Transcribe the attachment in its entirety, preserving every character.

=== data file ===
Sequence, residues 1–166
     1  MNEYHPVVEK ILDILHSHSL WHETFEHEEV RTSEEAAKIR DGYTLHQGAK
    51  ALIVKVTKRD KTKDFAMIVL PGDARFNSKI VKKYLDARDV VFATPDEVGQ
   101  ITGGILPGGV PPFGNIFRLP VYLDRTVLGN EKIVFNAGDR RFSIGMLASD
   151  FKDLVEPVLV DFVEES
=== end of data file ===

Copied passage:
Sequence, residues 1–166
     1  MNEYHPVVEK ILDILHSHSL WHETFEHEEV RTSEEAAKIR DGYTLHQGAK
    51  ALIVKVTKRD KTKDFAMIVL PGDARFNSKI VKKYLDARDV VFATPDEVGQ
   101  ITGGILPGGV PPFGNIFRLP VYLDRTVLGN EKIVFNAGDR RFSIGMLASD
   151  FKDLVEPVLV DFVEES